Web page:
In less than two weeks from now, premier track and field athletes from around the world will be putting on a show at the 2019 International Association of Athletics Federations (IAAF) World Championships in Doha, Qatar, from September 27 to October 6.
The Bahamian 10-member team might not be able to make it because of insufficient funds, according to Drumeco Archer, president of the Bahamas Association of Athletic Associations (BAAA).
According to Archer, the BAAA proposed a $116,000 budget to the Ministry of Youth, Sports and Culture for the prestigious meet from February 1 of this year and on Wednesday evening, September 11, the ministry granted them $25,000 – way short of the proposed budget.
The team is set to travel next week and Archer said if they only have $25,000 they will not send a team to Doha. The BAAA refuses to send a team that can only send some of the athletes because all of the athletes qualify for the meet.
Archer added that the last-minute response from the ministry is not new as the BAAA was faced with the same during the summer with the other teams.
“As a federation, I am not going to be advised as to the source of funding, except that we know that monies come from the Treasury to the benefits of specific projects that we spearhead,” Archer said.
“The World Championships is one of those and there has been a long tradition of the government to underwrite that cost. It has never been a consideration.”
Minister of Youth, Sports and Culture Lanisha Rolle said that the ministry does not have the funds to fully fund the BAAA or any other federation’s total budget expenses.
“The ministry does not have the funds for that organization or any organization to fully fund its events, travels or its total budgetary expenses,” she said.
“In the past, I’ve learned from former ministers, former presidents of the BAAA, they have indicated that source of funding are from multiple entities, agencies, avenues and that is how it has to work together and that is what we encourage all of the federations to do because if the burden is on the ministry, we won’t be able to do anything else.”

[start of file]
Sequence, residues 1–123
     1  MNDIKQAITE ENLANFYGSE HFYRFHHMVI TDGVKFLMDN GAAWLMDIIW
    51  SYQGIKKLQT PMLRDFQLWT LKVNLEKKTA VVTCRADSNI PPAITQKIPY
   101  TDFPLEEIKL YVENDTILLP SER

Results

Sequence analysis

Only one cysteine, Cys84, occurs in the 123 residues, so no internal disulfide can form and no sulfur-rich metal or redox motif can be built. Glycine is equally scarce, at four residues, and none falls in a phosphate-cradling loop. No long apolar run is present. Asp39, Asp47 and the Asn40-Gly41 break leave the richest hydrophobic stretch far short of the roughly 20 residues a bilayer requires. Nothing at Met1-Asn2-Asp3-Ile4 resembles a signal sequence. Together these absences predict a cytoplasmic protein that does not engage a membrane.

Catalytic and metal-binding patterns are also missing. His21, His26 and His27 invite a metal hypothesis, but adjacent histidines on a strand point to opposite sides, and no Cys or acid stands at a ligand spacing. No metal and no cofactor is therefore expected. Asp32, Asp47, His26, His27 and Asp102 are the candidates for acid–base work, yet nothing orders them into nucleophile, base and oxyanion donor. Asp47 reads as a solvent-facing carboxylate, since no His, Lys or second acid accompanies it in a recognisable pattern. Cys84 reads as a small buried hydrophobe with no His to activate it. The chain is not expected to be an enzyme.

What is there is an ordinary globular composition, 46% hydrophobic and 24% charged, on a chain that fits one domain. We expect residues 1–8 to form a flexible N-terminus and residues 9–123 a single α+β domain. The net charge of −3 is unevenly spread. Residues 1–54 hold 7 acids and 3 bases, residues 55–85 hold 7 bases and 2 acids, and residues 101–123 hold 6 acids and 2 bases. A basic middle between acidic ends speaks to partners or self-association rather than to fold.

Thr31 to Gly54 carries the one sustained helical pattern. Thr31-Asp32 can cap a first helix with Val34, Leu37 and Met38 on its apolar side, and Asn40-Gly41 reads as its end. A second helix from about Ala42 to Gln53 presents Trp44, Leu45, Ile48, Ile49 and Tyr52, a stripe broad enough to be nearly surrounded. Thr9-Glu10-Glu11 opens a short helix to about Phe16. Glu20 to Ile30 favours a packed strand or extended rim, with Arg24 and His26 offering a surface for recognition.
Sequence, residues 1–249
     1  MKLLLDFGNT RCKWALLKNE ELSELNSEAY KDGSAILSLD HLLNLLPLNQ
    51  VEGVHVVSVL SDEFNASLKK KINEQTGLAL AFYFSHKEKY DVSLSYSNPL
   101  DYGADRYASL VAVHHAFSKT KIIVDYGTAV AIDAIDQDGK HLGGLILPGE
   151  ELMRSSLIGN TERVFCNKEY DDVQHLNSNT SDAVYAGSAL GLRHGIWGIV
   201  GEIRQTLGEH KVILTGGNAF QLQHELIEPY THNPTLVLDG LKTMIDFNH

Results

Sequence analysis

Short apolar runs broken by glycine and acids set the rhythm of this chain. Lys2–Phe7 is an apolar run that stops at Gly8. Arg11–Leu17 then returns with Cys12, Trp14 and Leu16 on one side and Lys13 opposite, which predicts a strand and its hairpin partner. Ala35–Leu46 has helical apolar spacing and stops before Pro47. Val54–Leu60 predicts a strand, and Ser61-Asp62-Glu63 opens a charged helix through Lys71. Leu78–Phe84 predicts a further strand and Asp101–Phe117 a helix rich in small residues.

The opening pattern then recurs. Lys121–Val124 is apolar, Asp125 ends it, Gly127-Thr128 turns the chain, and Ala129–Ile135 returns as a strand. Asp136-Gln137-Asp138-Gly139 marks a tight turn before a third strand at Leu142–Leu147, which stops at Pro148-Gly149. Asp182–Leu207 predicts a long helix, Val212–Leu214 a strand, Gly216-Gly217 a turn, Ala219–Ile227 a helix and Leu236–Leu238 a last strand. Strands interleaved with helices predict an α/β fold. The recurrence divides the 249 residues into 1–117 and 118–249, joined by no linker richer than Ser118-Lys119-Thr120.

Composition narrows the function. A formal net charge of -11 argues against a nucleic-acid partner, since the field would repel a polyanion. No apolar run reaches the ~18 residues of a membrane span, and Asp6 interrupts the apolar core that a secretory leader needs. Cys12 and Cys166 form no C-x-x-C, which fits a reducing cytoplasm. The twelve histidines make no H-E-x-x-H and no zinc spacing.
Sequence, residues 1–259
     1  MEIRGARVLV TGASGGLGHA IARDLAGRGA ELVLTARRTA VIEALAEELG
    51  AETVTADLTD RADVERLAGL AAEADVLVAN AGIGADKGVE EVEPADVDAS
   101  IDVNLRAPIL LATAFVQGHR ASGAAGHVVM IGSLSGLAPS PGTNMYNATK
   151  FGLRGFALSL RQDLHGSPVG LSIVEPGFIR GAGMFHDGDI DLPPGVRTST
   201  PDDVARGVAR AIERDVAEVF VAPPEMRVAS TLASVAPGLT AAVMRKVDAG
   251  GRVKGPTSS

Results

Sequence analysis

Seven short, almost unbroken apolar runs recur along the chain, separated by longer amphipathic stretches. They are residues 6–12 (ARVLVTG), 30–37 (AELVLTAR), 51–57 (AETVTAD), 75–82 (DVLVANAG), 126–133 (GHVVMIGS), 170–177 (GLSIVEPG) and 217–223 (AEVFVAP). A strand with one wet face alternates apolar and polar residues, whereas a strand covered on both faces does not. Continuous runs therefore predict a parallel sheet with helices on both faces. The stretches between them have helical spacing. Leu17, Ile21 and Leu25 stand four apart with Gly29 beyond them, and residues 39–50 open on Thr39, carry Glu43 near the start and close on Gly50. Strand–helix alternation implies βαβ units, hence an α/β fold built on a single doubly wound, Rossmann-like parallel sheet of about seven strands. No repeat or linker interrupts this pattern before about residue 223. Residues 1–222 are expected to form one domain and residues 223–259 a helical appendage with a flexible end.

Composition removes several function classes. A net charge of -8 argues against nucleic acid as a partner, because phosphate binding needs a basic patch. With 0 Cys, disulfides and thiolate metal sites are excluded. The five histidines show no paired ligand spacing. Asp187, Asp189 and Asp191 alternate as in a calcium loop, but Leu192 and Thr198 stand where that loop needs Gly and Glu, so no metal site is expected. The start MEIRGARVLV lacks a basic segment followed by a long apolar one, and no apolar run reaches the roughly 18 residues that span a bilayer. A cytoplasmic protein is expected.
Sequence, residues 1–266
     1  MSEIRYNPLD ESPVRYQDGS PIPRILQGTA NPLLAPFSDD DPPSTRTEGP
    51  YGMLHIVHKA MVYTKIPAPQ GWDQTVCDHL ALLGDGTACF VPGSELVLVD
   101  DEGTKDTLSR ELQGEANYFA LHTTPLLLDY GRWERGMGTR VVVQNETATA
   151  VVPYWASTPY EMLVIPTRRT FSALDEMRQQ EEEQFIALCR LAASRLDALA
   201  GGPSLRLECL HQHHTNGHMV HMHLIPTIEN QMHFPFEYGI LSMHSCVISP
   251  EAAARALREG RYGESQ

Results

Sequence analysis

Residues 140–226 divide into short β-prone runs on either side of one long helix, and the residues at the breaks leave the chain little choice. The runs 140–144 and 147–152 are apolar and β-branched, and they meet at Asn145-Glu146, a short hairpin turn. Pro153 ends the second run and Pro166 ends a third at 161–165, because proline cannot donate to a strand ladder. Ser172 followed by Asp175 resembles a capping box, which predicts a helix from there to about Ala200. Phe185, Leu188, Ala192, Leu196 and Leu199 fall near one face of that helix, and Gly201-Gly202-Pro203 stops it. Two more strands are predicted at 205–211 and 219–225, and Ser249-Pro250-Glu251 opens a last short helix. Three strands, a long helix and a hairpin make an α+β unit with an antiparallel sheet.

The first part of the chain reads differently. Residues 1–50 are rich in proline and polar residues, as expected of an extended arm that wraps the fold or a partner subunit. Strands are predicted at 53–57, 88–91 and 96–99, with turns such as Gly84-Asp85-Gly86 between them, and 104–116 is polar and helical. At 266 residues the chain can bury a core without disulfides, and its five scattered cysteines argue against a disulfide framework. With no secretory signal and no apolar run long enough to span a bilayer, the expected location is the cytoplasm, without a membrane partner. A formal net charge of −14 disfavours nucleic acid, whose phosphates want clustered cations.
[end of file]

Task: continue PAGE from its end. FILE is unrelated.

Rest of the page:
Archer pointed out that in 2015, the BAAA received $150,000, and in 2017, the BAAA received $140,000, and added that it is no different from what their expectations are now.
Rolle said that the BAAA, along with the Bahamas Olympic Committee (BOC), should have had the opportunity to gather funds for this event.
“The last World Championships was in 2017, and the BAAA, working along with The Bahamas Olympic Committee, would have all had the opportunity and the time to garner the necessary resources needed and then say to the ministry that, ‘We have this amount. Can you assist us with that amount,’” she said.
“But certainly just sending in information, if that is the case, …and saying the ministry is responsible – the ministry is unable to do it and I must continue to follow the practice of the ministry.”
The BOC is not responsible for getting Team Bahamas ready for the IAAF World Championships.
The athletes that are set to compete with Team Bahamas are Tynia Gaither, Anthonique Strachan, Shaunae Miller-Uibo, Pedrya Seymour, Steven Gardiner, Alonzo Russell, Latario Collie-Minns, Lathone Minns, Donald Thomas and Samson Colebrook, who opted out.
The head coach will be Fritz Grant, Bernard Rolle and Ronald Cartwright. The team will be managed by Sharon Gardiner and she will be assisted by Dionne Britton. The medical staff consists of Keir Miller, team doctor and Cordero Bonamy, team physical therapist.
The other delegates are Archer and Mabelene Miller, chief executive officer of the BAAA. Jeffrey Gibson and Terrance Jones are two other athletes that have the opportunity to be invited to the meet.